But that doesn’t mean guns owned by CACs are all for sport—some seek CAC licenses for protection, exploiting a loophole in the current system, where applicants don’t have to provide justification for wanting firearms. Some shooting clubs even advertise classes and training to teach CACs to defend themselves in robberies. With little oversight of clubs and shooters under Bolsonaro’s administration, this has become more common.

Although it is hard to say precisely why CACs are so important to Bolsonaro, Carolina Botelho, a political scientist at the State University of Rio de Janeiro, believes there are two plausible and related explanations. First, it’s a way for Bolsonaro to stay true to his original base, as he’s put forth a pro-gun agenda for his entire political career.

The other reason might be sheer calculation. According to Botelho, Bolsonaro has rejected traditional coalition campaigning, which entails negotiations and agreements with other parties ahead of elections. “He’s no longer counting on winning the election at the offset. He’s counting on scoring points with this group,” Botelho said. “And this has always been his calculation, to keep these radicalized groups united because these people can take him to the second round [of voting].”

Yet Bolsonaro knows his gun policies—which are essential to consolidating this niche base—may not last without legislation. The Supreme Court is currently analyzing many of his decrees and may find they are unconstitutional. Last April, Justice Rosa Weber suspended parts of four such decrees. The court is currently voting on whether to uphold her decision—which it’s likely to do—but the judgment was suspended in October 2021 when Justice Nunes Marques, one of Bolsonaro’s appointees to the court and a CAC himself, requested more time.

As Melina Risso, the research director at Brazil-based think tank Igarapé Institute, pointed out, Brazil’s constitution guarantees a right to safety but not to gun ownership, and those who support the bill—similar to the decrees—are trying to “bend the constitutional process.”

That’s why government allies in the National Congress are rushing to get the bill approved, hoping to codify and expand on Bolsonaro’s decrees, which Brazil’s Supreme Court could eventually reverse.


The bill comes with serious security concerns for Brazil’s society. “We are speaking of hundreds of thousands of people being allowed to carry loaded weapons around,” said Natália Pollachi, a project manager at Sou da Paz Institute. “This is a huge risk for public security.”

The bill also threatens current control mechanisms for weapons and ammunition. If approved, it would eliminate mandatory identification, such as serial and batch numbers, on weapons and bullets, including for law enforcement agencies. “We know how crucial this is to solve crimes. We have many emblematic cases that were solved by pulling on this thread. And it is especially important to control public institutions’ stockpiles,” Pollachi said.

Such mechanisms allowed investigators, for instance, to trace back ammunition used to murder Rio de Janeiro councilwoman Marielle Franco and her driver, Anderson Gomes, in March 2018 to a batch purchased by the Federal Police. The following year, two former police officers were arrested and charged with her murder (though the investigation into those who ordered the execution is still ongoing).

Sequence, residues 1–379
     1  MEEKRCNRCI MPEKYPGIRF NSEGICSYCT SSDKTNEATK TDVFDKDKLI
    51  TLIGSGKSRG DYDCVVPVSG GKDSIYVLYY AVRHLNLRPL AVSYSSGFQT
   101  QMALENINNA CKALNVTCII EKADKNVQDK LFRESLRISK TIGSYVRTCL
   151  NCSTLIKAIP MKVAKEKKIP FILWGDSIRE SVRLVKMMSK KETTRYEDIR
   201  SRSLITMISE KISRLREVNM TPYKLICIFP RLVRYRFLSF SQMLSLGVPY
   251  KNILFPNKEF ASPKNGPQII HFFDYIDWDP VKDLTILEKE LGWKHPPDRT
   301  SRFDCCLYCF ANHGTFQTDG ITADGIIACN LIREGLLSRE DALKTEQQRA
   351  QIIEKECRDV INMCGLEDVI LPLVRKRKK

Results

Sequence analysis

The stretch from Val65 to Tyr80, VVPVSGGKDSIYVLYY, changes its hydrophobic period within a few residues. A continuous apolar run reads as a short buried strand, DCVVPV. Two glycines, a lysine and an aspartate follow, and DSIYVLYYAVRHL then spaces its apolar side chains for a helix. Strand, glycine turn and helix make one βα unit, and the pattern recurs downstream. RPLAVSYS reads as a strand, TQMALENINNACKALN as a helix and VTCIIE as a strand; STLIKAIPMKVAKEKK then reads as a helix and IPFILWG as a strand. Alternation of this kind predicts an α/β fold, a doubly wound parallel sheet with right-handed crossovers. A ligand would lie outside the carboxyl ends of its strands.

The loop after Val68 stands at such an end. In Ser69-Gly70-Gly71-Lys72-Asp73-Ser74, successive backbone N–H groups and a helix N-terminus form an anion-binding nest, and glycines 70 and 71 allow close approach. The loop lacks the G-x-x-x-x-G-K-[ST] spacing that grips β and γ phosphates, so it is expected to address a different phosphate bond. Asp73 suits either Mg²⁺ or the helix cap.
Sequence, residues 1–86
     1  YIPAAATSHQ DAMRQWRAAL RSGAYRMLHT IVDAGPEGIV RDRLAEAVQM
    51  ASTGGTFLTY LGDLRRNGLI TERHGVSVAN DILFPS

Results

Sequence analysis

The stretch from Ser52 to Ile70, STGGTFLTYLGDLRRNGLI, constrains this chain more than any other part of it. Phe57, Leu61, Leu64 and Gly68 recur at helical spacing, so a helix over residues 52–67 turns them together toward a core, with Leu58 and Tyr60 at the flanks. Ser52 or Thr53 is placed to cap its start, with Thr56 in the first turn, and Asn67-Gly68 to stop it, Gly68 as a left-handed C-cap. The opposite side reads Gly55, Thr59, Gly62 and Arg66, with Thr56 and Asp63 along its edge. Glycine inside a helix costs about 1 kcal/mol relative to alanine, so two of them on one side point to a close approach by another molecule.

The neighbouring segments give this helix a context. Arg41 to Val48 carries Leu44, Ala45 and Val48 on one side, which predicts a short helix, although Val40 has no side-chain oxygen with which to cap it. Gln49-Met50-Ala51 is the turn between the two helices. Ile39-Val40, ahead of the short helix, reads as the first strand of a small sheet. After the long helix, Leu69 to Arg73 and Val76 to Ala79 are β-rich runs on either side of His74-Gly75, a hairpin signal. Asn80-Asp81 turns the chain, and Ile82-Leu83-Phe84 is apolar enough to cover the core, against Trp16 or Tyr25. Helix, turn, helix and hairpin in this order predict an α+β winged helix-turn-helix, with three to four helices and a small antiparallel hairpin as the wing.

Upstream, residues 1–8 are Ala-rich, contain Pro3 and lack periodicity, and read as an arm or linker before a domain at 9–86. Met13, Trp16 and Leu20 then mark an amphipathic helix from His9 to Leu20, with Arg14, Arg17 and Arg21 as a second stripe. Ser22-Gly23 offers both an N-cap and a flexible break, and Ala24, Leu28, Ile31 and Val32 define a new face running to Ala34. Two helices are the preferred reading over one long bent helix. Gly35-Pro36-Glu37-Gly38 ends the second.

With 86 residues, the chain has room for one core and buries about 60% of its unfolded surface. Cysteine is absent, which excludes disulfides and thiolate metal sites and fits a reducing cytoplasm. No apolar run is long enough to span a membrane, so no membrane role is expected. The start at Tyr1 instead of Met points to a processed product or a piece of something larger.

Another concern on observers’ minds is the potential for an insurrection like the Jan. 6, 2021, U.S. Capitol riot should Bolsonaro lose the election this October, which is a real possibility, according to current polling.

Bolsonaro has previously been vocal about his belief in using weapons for political ends. A video released by the Supreme Court of a cabinet meeting in April 2020 showed Bolsonaro telling his ministers he wanted ​​“everyone armed,” since “armed people will never be enslaved,” in reaction to governors imposing lockdown measures around Brazil.

Radical pro-gun groups have started talking about guns in ways that mirror gun rights advocates in the United States.

These sentiments resonate with a more radicalized wing of CACs. In June 2020, police found illegal firearms at the headquarters of the “Brazil 300,” a pro-Bolsonaro group of unknown size with an anti-democratic agenda of getting rid of the National Congress and Supreme Court that the Public Prosecutor’s Office deemed a “militia.” Brazil 300 leader Sara Giromini, who is currently under arrest, told BBC Brasil that there were guns at the Brazil 300’s headquarters because some of the group’s members were CACs.

According to experts, radical pro-gun groups, including the Brazil 300 and the Defense Institute, have started talking about guns in ways that mirror gun rights advocates in the United States. “We have seen throughout these years that when some people speak of ‘the defense of their freedom,’ they want to use firearms for their personal desires, regardless of any rules,” Risso said.

Marcos Pollon, leader of the Proarmas movement, an advocacy group that promotes shooting courses and organizes pro-gun demonstrations, even spoke at the Conservative Political Action Conference (CPAC) in Brasília, Brazil, last September. (CPAC first branched out to Brazil in 2019, and in 2021, it was organized by an institute founded by federal deputy Eduardo Bolsonaro, who is Jair Bolsonaro’s son.) Pollon sees his group as the Brazilian version of the U.S.-based National Rifle Association and believes it has the potential to become just as powerful.

“When one buys a gun, they make the irrevocable decision of no longer being the victim,” Pollon said in his presentation. “We must react,” he urged, to both Lula, who is set to run again in this year’s election as Bolsonaro’s primary opponent, and “the court that is trying to destroy the country.”

Although it is impossible to predict if Brazil will see an event that mirrors the U.S. Capitol insurrection—or is even more violent—experts believe the potential risk is far too big to be ignored.

Despite being a minority within Bolsonaro’s supporter base, radical pro-arms groups clearly have access to powerful weapons. “These groups are not the majority and much less an armed majority,” Botelho said. “We have to see, within the radical Bolsonarist groups—estimated around 12 percent to 15 percent of his base—how many are armed and willing to do something.”

“Even still,” she added, “it is irresponsible not to flag that this produces conditions for a catastrophic reality.”

Laís Martins is a Brazilian journalist currently based in São Paulo, where she reports for Brazilian and international news outlets. She has a master’s in political communication from the University of Amsterdam and is a Pulitzer Center Persephone Miel fellow.